Principal Objects and Advantages of the Invention

The principal objects and advantages of the present invention include: providing an asphalt plant that minimizes or eliminates unintentional release of noxious and nuisance fumes and odors into the atmosphere; providing such an asphalt plant that redistributes air and other gases and vapors contained within the asphalt plant to fill voids created within the asphalt plant that result from removal of asphalt material from the asphalt plant; providing such an asphalt plant that redistributes air and other gases and vapors contained within the asphalt plant to fill voids created within the asphalt plant while displacing asphalt material from one compartment of the asphalt plant to another compartment thereof; providing such an asphalt plant wherein direct communication of air and other gases and vapors contained within the asphalt plant with ambient atmosphere surrounding the asphalt plant is substantially eliminated; providing a gas containment system for such an asphalt plant that minimizes or eliminates blue smoke that inadvertently escapes while producing asphalt material in the asphalt plant; providing such a gas containment system for such an asphalt plant wherein the plant is operated in either a parallel flow configuration or a counter flow configuration; providing such a gas containment system for such an asphalt plant wherein the plant is operated in either a continuous mode or a batch mode; providing such a gas containment system for such an asphalt plant wherein the plant is operated either with or without processing RAP material therein; and generally providing such a plant and gas containment system that are reliable in performance, and are particularly well adapted for the proposed usages thereof.

Other objects and advantages of this invention will become apparent from the following description taken in conjunction with the accompanying drawings wherein are set forth, by way of illustration and example, certain embodiments of this invention.

The drawings constitute a part of this specification and include exemplary embodiments of the present invention and illustrate various objects and features thereof.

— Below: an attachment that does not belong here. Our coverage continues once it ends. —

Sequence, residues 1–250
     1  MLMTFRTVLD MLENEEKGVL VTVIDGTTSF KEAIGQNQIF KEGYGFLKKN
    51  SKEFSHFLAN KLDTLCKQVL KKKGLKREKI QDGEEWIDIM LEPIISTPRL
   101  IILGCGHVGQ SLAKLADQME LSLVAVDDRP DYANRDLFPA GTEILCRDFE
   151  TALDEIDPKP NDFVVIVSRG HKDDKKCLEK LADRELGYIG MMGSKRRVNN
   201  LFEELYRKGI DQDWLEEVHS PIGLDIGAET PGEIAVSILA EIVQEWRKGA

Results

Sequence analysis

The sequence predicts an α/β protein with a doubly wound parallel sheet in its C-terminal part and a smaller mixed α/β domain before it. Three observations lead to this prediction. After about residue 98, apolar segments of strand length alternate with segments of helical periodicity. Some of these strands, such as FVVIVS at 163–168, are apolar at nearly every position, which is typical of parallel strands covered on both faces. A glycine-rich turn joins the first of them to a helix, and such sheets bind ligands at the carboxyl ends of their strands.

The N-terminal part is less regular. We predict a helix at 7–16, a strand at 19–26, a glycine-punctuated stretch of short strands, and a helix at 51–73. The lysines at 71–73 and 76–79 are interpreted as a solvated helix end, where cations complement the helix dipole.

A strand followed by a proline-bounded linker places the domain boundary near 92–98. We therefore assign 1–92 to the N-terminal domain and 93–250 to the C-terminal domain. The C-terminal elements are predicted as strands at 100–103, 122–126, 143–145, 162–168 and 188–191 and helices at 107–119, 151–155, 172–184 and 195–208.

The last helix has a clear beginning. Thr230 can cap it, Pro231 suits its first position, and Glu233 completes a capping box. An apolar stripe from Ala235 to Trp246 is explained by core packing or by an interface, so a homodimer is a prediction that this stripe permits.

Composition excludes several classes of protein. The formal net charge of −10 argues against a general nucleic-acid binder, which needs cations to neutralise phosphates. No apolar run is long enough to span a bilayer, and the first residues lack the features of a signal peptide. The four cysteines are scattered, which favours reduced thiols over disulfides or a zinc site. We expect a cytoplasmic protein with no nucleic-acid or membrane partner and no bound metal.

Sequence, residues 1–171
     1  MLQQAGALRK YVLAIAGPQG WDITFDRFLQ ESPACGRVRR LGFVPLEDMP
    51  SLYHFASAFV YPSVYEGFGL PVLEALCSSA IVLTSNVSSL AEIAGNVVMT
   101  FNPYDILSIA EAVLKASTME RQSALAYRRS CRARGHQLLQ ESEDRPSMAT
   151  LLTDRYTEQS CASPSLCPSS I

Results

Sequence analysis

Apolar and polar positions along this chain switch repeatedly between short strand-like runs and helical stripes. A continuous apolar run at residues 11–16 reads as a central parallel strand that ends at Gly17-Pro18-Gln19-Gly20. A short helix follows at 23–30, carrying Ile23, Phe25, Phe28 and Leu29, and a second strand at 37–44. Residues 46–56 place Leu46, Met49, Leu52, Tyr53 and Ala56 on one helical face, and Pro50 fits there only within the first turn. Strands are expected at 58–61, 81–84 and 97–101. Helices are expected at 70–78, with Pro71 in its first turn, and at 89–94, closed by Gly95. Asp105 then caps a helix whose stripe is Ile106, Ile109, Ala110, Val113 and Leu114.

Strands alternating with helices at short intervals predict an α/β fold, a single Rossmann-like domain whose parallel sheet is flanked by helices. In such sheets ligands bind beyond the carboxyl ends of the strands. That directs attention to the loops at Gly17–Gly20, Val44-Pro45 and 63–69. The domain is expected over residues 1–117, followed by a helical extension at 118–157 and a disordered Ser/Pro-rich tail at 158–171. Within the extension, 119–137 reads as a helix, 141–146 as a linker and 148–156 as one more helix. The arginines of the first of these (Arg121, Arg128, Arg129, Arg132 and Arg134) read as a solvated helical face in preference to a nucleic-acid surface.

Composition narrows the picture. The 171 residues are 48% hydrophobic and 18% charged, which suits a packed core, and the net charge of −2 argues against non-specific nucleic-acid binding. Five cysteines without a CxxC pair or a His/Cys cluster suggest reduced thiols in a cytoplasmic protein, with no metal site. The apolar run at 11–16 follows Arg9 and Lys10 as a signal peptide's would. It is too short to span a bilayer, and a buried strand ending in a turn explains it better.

BRIEF DESCRIPTION OF THE DRAWINGS

FIG. 1 is a schematic drawing of a gas containment system for an asphalt plant having a counter flow configuration, according to the present invention.

FIG. 2 is a schematic and fragmentary drawing of the gas containment system but showing an asphalt plant having a parallel flow configuration.

FIG. 3 is an enlarged and fragmentary, schematic drawing of a batcher and bypass duct for the gas containment system for an asphalt, according to the present invention.

DETAILED DESCRIPTION OF THE INVENTION

As required, detailed embodiments of the present invention are disclosed herein; however, it is to be understood that the disclosed embodiments are merely exemplary of the invention, which may be embodied in various forms. Therefore, specific structural and functional details disclosed herein are not to be interpreted as limiting, but merely as a basis for the claims and as a representative basis for teaching one skilled in the art to variously employ the present invention in virtually any appropriately detailed structure.

The reference numeral 1 generally refers to an asphalt plant with a gas containment system in accordance with the present invention, as shown in FIGS. 1 through 3. The system 1 generally includes drying and mixing means, such as a drum 3, for drying aggregates and/or mixing them with a liquid asphalt composition, such as a drum 3; conveying means such as an elevator 5; batching means such as a batcher 7; storage means such as a silo 9; and gas containment means 11.